How to buy wine for a party

How to buy wine for a party: what wine to purchase and how many bottles to buy

Sometimes our customers ask us for advice on what kind of wine – and how many bottles – to buy for a party they want to host. After all, every host wants their party to rock and nobody wants to run out of wine when their guests are having a good time! The following guidelines will help you determine how much wine to buy and what kinds of wine you should serve depending on the type of party you are hosting.

Most people have a red wine or white wine preference, so it’s best to buy equal quantities of both for your party. But don’t over-complicate things; one or two reds and one or two whites is all you need (unless you’re hosting a wine tasting event).

What type of wine to buy

If you are serving food, try to select wines that pair well with your food or at least will not overwhelm it. Here are some suggestions:

Red wines

New world red wines tend to be softer and less acidic than their old world counterparts, and so can usually be paired with a wider range of foods. We like Trumpeter Malbec from Argentina, which goes well with red meats, barbecued food, game, rich pasta dishes and charcuterie, but you could also try an Australian cab sav such as St Johns Road Line & Length. If you do offer two red wines, perhaps try a slightly lighter style for the second wine, such as Three Thieves Pinot Noir from California.

White wines

Your white wine should be mouth-watering, on the dry side and easy-going. Consider Californian Napa Cellars Chardonnay or Italian Fantinel Borgo Tesis Pinot Grigio. For a second dry white, perhaps New Zealand’s ever-popular Clearwater Cove Sauvignon Blanc would hit the spot; this wine is perfect with seafood including barbecued prawns or fish, as well as complementing tapas and mezze dishes, pasta and salads.

Sparkling, rosé and dessert wines

Some optional wines you might want to add to your list include sparkling wine, rosé and dessert wine.

Sparkling wines are perfect for celebrations or to serve as guests arrive. A lovely Italian prosecco such as Botter Prosecco will suit most tastes, and if it’s a really special occasion you could serve a champagne like Taittinger Brut Réserve.

Like sparkling wines, rosés also offer a touch of elegance to your party. But some people simply prefer a rosé to other wines. One of our favourites right now is Tormaresca’s Salento Calafuria Rosato from Italy, nicely chilled as an apéritif or with seafood – really refreshing on a hot day.

If you’re hosting a dinner party, a nice touch is to buy a sweet wine to serve as dessert or after dinner. Options include a port such as Sandeman LBV Porto or a sweet chenin blanc like South Africa’s Balance Natural Sweet White.

How to serve wine

Bottle size and wine serving size

Typically, wine bottles contain 750ml of wine and a wine serving should be approximately 150ml, so in other words five glasses of wine per bottle.

However, most wine glasses hold quite a bit more than 150ml if you fill them up to the brim; this is deliberate, because wine glasses are designed to contain some of the wine’s aroma as well as the liquid. If you’re not sure how much to pour, you can get an idea by using a measuring cup to pour 150ml of water into one of your wine glasses before the event.

What sort of glasses to use

For an informal occasion, it’s not necessary to worry about providing different wine glasses for the different wines you serve. However, for a formal event, if you do have different shaped glasses for your red, white and sparkling wines, use them. Red wine glasses tend to be bigger to allow the wine to aerate or “breathe”, which softens its flavours and releases aromas. White wines are served colder (more on that later) so a smaller glass helps maintain the temperature. And to help preserve the carbonation (bubbles) in sparkling wine, champagne flutes have a tall, elegant shape with a small mouth.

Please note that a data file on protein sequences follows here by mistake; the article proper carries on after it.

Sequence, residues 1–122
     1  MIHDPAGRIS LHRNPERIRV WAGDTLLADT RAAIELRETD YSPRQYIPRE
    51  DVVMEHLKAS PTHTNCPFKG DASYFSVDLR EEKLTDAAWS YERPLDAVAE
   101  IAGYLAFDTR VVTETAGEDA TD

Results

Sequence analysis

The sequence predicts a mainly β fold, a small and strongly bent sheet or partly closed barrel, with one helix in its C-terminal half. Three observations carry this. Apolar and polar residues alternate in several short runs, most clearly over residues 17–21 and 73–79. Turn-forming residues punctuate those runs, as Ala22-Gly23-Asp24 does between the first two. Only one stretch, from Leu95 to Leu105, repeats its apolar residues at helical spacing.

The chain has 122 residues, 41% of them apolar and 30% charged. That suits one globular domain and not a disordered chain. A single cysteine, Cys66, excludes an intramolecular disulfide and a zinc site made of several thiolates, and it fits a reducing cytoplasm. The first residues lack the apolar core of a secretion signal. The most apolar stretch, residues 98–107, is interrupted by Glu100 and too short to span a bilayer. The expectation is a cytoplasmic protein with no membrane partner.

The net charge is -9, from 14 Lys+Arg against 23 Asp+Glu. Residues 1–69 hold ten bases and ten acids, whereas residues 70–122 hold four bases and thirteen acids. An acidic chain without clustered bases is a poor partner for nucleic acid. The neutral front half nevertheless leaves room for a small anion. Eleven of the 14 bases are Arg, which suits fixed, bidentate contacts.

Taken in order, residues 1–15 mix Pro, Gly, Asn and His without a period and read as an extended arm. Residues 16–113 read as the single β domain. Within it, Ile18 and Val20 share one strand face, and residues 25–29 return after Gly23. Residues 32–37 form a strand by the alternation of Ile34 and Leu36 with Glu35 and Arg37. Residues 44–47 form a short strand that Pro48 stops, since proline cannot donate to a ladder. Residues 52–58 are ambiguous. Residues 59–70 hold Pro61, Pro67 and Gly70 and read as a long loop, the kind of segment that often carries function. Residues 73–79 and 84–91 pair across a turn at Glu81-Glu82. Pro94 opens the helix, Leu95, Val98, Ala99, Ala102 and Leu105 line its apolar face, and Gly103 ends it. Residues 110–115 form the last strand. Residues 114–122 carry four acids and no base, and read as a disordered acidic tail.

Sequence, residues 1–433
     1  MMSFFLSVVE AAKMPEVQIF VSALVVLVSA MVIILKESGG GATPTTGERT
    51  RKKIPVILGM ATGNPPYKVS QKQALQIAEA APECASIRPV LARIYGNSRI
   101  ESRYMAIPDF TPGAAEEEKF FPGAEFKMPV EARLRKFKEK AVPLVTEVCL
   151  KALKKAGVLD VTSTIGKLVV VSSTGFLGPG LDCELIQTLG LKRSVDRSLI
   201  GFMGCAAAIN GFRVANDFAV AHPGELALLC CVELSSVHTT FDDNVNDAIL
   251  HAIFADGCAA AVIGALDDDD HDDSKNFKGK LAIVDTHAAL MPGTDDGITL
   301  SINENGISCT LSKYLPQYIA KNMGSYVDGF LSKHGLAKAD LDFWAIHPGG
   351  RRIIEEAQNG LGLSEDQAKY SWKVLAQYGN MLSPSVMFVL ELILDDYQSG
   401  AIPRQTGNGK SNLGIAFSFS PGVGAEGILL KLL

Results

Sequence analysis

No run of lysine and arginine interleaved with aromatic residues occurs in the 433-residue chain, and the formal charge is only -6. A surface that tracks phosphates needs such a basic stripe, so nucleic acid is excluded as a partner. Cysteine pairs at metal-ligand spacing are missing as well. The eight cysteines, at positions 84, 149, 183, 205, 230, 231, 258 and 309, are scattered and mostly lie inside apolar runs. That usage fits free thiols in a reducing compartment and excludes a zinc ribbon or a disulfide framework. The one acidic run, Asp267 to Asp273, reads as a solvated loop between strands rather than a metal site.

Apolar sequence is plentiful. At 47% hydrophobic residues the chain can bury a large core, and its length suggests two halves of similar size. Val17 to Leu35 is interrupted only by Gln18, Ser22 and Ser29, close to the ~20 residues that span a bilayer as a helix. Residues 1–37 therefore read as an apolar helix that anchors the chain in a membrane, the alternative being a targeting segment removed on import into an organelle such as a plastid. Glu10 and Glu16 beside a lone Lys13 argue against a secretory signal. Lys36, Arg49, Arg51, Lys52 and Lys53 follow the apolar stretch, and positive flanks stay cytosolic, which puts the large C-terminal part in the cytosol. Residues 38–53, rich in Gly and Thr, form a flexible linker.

As a rule of thumb, fill a glass of red wine one-third full; a glass of white or rosé wine half full; and a glass of sparkling wine three-quarters full.

What temperature to serve the wine at

Different wines taste best at different temperatures. Generally speaking, you want to serve red wine slightly cooler than room temperature, about 15-20°C; rosés and white wines should be served slightly warmer than fridge temperature, about 7-12°C; and sparkling wines are best ice cold, around 3-7°C.

How many bottles to buy

The amount of wine your guests are likely to drink depends on the type of occasion and how long your party lasts. For example, at a cocktail party or informal barbecue gathering guests are likely to be drinking other beverages as well, and therefore less wine. If you are hosting a wine tasting you will likely get through rather more wine, even though you will probably pour smaller servings. Also, personal preference means that not everybody drinks wine, and some people drink lots.

A good assumption to make is that, on average, each of your guests will consume one bottle of wine over a four hour period. You can use this calculation to work out how much wine you will need to buy for your party:

number of guests x time in hours ÷ 4 = number of bottles

So for example: if you are hosting a dinner party for ten guests over a three hour period, you will need to buy 8 bottles of wine (10 x 3 ÷ 4 = 7.5 bottles but always round up).

…Plus a couple more

You can tweak this calculation depending on the type of event you are hosting, but always err on the side of having too much wine on hand than too little; in other words, buy a little extra – perhaps a contingency of ten percent. It’s best not to run out of wine, after all, and if you do have any bottles left over you can always put them away for your next party!